When I heard that LCD Soundsystem are breaking up after they finish the tour in support of recent release This is Happening, I wasn't sure how to react. I was disappointed, a little confused, sure, but I was alright with it. Leader of the pack James Murphy decided the band were bigger than he wanted, and he's pulling the plug while he can still ride airplanes unmolested. Fair enough. Sound of Silver is a great record, one of my favourites, and the more recent This is Happening is, while not quite an equal, certainly a great release. So there was at least that feeling you get when we lose a band we admire. But there wasn't any sadness, really.
I hear stories about the reactions people had when The Beatles dissolved, and I long for that. Why haven't I become so attached to a band that I have to become a shut-in for a week to deal with the emotions? From an academic standpoint, I'm understanding; The Beatles were a band, sure, but their timing was such that they were important as a part of the culture of the moment. That's why there will never be another Beatles; their frustratingly perfect sense of craft is of course a part of it, but no band will ever matter like they did because no other band will ever be so entirely of the moment. It's impossible. Whether I understood it academically or not, I felt gypped.
Thinking about it, I told myself most of the bands I come to have already had their time. Some are encroaching on borrowed time; I'm upset Blur are considering a full reunion, with an album and all that. The oft-mentioned Spoon and Yeah Yeah Yeahs, as well as Radiohead and, depending on where they head next, Coldplay, are the only bands going where I have any emotional stake. If any of those bands announced they were breaking up, I'd probably be upset for a while. But here I was, confronted with the demise of LCD Soundsystem. Despite the fact that they have fashioned an album I value above just about any offered by the aforementioned groups, I felt nothing substantial. I didn't feel connected to the group, really.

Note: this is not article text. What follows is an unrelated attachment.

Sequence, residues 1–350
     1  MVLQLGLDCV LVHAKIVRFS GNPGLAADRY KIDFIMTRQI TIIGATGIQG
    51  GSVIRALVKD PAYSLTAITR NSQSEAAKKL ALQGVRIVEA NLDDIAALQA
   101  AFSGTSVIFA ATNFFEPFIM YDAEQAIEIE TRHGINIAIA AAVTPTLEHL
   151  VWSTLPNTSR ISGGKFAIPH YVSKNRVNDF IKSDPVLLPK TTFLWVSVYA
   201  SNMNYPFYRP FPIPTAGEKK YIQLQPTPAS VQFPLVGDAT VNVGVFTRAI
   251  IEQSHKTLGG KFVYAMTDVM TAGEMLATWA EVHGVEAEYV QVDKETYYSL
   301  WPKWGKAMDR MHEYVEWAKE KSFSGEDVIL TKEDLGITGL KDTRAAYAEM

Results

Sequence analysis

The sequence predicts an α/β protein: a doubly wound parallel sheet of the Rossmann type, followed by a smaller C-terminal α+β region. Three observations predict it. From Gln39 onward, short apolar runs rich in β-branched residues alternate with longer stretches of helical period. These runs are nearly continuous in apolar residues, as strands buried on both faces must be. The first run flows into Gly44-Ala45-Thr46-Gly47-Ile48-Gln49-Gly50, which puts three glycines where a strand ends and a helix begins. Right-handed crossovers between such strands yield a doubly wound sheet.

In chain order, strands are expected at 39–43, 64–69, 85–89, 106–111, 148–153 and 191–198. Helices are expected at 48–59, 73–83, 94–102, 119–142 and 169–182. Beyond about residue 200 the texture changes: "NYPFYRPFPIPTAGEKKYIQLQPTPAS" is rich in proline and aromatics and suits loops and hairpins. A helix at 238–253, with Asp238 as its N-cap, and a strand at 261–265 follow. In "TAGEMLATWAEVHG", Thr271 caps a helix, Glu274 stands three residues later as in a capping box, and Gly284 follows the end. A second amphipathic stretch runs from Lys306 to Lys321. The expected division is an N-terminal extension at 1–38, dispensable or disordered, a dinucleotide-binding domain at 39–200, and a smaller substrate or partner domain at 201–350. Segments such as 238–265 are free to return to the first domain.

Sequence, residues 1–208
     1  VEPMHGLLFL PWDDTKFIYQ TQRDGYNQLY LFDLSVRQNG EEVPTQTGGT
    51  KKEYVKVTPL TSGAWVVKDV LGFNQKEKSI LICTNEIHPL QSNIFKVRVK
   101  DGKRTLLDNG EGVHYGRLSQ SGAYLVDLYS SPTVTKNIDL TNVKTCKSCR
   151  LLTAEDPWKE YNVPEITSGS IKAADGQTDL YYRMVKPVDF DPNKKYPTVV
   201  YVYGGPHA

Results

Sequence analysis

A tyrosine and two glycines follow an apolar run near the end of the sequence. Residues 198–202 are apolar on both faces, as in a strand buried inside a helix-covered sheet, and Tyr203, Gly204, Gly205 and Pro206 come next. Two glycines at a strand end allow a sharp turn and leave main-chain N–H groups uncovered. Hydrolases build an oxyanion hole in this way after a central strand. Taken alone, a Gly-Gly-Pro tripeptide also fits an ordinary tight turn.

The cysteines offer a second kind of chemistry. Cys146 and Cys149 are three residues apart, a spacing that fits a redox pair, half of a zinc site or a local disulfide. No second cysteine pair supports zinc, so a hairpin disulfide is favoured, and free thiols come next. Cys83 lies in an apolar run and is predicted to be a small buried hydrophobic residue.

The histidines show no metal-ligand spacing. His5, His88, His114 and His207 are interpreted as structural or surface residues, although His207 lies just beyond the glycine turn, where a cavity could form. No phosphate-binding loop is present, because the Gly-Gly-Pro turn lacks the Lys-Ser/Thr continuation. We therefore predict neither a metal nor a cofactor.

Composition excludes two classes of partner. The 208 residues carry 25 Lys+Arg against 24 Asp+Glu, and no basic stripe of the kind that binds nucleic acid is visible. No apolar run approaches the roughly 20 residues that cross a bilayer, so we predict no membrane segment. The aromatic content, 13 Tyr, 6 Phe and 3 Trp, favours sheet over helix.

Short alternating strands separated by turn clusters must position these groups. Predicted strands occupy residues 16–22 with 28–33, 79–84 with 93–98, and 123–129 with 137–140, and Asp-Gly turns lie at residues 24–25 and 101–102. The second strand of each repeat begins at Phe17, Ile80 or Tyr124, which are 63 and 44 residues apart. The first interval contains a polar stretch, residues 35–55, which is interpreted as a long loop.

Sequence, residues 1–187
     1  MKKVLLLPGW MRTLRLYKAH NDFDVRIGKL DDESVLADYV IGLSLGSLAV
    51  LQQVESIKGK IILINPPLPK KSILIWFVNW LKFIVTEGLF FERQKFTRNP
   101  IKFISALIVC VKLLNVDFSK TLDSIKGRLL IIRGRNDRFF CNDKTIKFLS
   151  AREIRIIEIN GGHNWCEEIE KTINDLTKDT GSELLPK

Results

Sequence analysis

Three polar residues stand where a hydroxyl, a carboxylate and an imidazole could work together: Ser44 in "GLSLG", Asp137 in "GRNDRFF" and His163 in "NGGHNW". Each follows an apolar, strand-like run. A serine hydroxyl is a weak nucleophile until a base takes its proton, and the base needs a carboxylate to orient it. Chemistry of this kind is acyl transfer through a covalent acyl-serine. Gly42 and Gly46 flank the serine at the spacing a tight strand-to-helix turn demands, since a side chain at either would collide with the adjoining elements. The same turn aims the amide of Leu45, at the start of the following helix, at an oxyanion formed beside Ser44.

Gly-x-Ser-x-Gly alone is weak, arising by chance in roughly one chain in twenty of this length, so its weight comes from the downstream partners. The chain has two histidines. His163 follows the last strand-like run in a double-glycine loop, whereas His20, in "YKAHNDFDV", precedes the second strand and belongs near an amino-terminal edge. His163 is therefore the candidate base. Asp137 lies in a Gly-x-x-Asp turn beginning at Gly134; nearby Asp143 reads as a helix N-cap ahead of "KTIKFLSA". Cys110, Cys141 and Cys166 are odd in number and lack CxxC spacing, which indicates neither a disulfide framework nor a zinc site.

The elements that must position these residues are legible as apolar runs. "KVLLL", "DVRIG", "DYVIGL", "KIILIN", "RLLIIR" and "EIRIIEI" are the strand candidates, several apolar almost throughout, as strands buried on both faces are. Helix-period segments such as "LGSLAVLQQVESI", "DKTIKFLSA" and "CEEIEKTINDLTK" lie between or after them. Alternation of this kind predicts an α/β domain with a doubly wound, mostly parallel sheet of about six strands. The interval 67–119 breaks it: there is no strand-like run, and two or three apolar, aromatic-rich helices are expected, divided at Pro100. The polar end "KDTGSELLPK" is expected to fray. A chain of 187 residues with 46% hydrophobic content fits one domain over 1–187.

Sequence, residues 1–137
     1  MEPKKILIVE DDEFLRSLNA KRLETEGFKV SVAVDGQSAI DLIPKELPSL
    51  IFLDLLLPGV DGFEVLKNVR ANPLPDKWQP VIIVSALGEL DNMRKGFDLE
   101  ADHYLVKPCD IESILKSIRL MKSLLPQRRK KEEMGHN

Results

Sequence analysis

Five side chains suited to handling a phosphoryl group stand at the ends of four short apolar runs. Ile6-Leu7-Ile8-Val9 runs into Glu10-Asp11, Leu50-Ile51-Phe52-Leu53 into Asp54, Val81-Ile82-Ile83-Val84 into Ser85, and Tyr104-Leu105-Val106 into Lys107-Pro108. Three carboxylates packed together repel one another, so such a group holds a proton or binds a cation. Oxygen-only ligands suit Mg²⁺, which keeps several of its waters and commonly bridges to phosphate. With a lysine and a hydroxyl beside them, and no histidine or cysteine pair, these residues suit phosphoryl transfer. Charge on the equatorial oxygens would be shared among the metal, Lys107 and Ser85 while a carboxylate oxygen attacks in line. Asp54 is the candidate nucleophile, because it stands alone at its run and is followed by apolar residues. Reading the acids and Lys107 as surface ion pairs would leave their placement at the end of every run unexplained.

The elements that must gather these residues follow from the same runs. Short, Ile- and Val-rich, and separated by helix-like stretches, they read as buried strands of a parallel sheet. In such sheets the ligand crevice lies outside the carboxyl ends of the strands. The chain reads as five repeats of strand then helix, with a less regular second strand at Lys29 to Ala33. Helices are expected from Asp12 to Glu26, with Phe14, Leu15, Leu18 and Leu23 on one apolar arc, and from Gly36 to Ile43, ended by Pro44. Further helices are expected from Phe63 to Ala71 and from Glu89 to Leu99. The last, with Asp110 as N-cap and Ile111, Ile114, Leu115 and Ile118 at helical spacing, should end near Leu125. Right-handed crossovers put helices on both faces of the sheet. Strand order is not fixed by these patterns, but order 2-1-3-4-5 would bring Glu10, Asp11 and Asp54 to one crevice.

I saw LCD Soundsystem play last Saturday at the Pitchfork Music Festival in Chicago. They were the headliners for the day, and they tore the place apart. There was a great balance of material between the new and the old. The band was on-point, and James Murphy is unquestionably a fantastic vocalist. Not always a great singer, but an A-List presence on the mic. The seven minutes of "All My Friends" was the best single concert experience of my life. I was right up front, against the barricade. There were security guards showering the audience with water, and from the moment those piano chords began resounding across Union Park, time genuinely seemed to freeze.
They ended the show with "New York, I Love You but You're Bringing Me Down," which, really, is the perfect way for LCD Soundsystem to end every show. It feels like stumbling home from a drunk night, like every good concert should. At the end of the song, the band went mute, and a stunningly quiet, stunningly perfect three-part harmony of "Empire State of Mind," the Alicia Keys/Jay-Z collaboration, wrapped up the show. Ostensibly a party band, LCD Soundsystem revealed themselves in less than twenty seconds of music to be twice the musicians, twice the unit, twice the band, that many held them to be. Myself included.
In that moment, I realised that LCD Soundsystem are walking out at exactly the right moment. They own their part of the world right now. The only ups from here would lead to dysfunction, would lead to resentment, would lead to an ending this magnificent band don't deserve. We won't be made to watch their slow demise, to listen to the lackluster releases. LCD Soundsystem have given their fans the best gift possible; they are preserved, for ever, in amber, as a perfect band, as something to aspire to. And I love them for it.